A crime against culture

The Nessan Band performing at the Said al-Mishal Cultural Center in 2015. (Tamer Institute for Community Education) 

I clearly remember the first time I learned about the Said al-Mishal Cultural Center.

“Haven’t you seen it yet?” asked Muhammad, a boy older than me. “It’s the most beautiful stage in Gaza. It has a shiny wooden floor with fancy red chairs. When the curtains open, the audience goes completely silent.”

The conversation took place in 2008. Muhammad and I both played oud. We were taking lessons at a summer camp run by UNRWA, the UN agency for Palestine refugees.

I had a goal that summer: to perform at the camp’s graduation ceremony. It was scheduled to take place in the cultural center.

Unfortunately my goal wasn’t realized. The coordinators of the UNRWA camp chose some musicians who had more experience than I did to play at the Gaza City ceremony.

Despite my disappointment, I was excited to attend the ceremony as it meant I could visit the cultural center. As the curtains opened at the start of the concert, I could feel my heartbeat getting faster.

Six years later, I formed the Nessan Band with some friends. I insisted that we play our first show at the Said al-Mishal Cultural Center.

This time, I saw the curtain opening from the inside. My heart pounded rapidly once again.

Freedom and hope

I know that many others feel the same way about the cultural center as I do. It is no exaggeration to describe it as a second home for dancers, musicians, poets and painters.

We were all given a freedom there to express ourselves and be creative. We did not have that same freedom anywhere else in Gaza.

I don’t think it is an exaggeration either to say that the center brought our people some sorely needed hope.

Being able to see a play or a concert was a necessary break from the routine of living in Gaza, an open-air prison. It gave the audience a chance to imagine a better life.

The center provided numerous benefits to Gaza’s inhabitants. Most people I know had attended an event there.

Ahmed al-Najjar, a university student in Gaza, encapsulated the sense of loss we all felt when hearing that the cultural center had been destroyed by Israel on 9 August.

“Every one of us has a memory there,” he said. “All the concerts, plays and exhibitions that I saw in my life were held at al-Mishal. This is the difficult part of losing it. It’s collective punishment. All of those rare joyful moments of our lives have been removed. All of them have gone because of an airstrike.”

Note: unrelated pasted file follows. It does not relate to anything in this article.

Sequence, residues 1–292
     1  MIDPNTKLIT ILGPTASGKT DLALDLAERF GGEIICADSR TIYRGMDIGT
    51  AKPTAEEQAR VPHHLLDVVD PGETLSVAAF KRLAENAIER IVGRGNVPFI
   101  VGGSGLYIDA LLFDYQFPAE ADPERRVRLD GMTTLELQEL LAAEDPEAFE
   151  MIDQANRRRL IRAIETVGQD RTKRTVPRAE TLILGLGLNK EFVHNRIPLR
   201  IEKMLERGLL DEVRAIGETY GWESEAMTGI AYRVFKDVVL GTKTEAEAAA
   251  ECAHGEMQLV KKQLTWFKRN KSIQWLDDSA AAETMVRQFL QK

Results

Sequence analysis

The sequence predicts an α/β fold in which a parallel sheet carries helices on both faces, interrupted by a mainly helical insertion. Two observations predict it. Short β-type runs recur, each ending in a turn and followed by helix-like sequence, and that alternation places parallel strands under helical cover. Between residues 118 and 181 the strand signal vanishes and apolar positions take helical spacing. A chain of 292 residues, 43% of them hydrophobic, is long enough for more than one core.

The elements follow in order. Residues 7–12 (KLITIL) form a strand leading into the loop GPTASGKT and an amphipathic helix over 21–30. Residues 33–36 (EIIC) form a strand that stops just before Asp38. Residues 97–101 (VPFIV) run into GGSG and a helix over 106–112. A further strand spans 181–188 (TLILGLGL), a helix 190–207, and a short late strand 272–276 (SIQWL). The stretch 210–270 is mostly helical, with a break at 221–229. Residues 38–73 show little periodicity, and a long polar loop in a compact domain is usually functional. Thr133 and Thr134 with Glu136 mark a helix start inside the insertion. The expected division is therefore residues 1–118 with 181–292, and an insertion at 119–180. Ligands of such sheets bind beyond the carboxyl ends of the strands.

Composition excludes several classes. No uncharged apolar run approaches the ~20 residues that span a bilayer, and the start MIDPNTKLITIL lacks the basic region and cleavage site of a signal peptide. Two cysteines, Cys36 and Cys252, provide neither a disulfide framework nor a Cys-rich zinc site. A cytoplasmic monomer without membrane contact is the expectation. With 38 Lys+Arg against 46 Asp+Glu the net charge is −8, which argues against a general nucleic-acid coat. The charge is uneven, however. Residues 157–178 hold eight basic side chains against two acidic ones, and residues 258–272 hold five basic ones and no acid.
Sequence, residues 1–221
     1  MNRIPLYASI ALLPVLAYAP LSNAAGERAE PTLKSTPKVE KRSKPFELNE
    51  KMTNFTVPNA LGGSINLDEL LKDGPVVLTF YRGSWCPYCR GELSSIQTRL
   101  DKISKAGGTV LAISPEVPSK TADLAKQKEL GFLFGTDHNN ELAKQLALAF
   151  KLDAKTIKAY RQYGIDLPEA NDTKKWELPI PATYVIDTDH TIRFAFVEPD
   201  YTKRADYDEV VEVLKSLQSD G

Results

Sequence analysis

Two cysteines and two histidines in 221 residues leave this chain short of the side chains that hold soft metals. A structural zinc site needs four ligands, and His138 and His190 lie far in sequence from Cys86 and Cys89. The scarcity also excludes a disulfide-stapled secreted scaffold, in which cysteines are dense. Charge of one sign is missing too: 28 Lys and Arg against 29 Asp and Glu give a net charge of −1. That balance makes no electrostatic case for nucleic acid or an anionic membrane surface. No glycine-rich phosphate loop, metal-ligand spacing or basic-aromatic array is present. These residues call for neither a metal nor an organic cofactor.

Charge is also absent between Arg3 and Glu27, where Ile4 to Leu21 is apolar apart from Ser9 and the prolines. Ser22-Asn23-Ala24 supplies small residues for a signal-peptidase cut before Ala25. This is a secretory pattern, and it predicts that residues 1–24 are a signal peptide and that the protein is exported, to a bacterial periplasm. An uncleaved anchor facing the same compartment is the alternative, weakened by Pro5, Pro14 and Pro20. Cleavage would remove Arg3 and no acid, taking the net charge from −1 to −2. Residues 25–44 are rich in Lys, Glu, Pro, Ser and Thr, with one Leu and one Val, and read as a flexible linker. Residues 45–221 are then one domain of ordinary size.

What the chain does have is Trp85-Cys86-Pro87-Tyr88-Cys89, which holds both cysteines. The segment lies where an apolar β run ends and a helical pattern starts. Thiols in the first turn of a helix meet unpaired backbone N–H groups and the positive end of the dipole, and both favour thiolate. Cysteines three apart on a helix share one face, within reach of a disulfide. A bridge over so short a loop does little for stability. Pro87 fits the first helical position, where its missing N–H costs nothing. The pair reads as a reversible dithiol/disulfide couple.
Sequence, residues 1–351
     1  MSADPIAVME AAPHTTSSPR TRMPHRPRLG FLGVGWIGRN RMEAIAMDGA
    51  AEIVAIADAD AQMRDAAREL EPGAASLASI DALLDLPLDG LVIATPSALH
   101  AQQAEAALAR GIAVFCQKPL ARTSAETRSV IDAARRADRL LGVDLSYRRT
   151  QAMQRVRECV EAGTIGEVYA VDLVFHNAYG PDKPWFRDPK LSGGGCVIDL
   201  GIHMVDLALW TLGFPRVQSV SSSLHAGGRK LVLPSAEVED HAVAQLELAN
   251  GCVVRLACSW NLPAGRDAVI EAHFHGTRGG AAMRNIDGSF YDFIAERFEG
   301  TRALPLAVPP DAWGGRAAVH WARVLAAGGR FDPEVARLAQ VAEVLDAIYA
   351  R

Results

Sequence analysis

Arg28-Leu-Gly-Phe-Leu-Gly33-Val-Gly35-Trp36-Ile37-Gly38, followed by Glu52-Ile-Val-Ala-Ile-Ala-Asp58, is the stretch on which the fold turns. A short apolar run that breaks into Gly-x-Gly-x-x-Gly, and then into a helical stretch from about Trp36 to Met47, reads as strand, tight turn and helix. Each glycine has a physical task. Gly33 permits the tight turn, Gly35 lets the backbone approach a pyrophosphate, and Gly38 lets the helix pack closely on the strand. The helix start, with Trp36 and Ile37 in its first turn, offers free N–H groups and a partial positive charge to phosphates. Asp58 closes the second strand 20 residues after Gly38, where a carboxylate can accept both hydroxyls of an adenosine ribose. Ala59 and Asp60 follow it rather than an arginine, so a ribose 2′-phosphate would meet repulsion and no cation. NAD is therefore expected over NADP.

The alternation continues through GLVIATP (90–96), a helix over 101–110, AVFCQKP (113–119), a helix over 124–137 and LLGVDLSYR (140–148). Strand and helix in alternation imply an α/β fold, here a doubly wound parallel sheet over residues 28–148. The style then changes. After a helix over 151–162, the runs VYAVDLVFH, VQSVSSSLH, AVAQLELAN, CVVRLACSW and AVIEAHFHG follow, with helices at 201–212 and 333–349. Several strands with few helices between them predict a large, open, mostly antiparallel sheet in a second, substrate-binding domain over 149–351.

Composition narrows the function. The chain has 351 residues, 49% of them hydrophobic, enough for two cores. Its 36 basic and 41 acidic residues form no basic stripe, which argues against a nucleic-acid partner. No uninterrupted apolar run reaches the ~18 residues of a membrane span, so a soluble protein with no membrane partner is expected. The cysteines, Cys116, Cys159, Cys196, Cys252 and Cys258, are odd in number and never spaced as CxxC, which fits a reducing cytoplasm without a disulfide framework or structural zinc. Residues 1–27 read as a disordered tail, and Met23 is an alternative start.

Attempt to erase memory

The late intellectual Edward Said argued back in 2002 that Israel was destroying “the civil existence of the Palestinian people with impunity.”

Said referred to the attacks ordered by Ariel Sharon, then Israel’s prime minister, on the Palestinian Central Bureau of Statistics and the way records had been stolen from other public bodies. Sharon, he wrote, was trying to “eliminate” Palestinians as “a people with national institutions.”

The Said al-Mishal Center was a vital institution for Gaza’s people.

My friend Mohamed Jabaly began teaching dabke – a traditional Palestinian dance – at the center in 2008.

For him, Israel’s attack was “a direct attempt to erase our positive and happy memories.”

Mohamed is the director of Ambulance, a film about what medical workers experienced during Israel’s 2014 attack on Gaza.

Last year, the film was shown at a festival held in the Said al-Mishal Cultural Center. Mohamed now lives in Norway. Being unable to attend the Gaza screening was “one of the most difficult moments of my life,” he said.

“Now we are talking about al-Mishal and all our memories inside that place in the past tense,” he added. “The occupation isn’t just controlling our lives and future. It’s also trying to remove our cultural legacy. In my opinion, that is more dangerous.”

“Life worth living”

Palestinians from Gaza living in exile – like me – closely follow the news from home. We do so not just because we still have family and friends in Gaza but because the place shaped us. The experiences we had growing up made us into the people we are today.

I was deeply shocked when I heard that the Said al-Mishal center had been bombed. I could not understand why a place that was so important to me had been destroyed.

Then a friend showed me some lines from a poem by Mahmoud Darwish:

We have on this land that which makes life worth living
We have on this land all of that which makes life worth living
April’s hesitation
The aroma of bread at dawn
A woman’s beseeching of men
The writings of Aeschylus
Love’s beginning
Moss on a stone
Mothers standing on a flute’s thread
And the invaders’ fear of memories
We have on this land that which makes life worth living

These lines made me realize that Israel fears our memories. Our memories are a source of inspiration and motivation to us.

They help us to resist. They make life worth living.

Mousa Tawfiq is a journalist formerly based in Gaza, now living in Paris.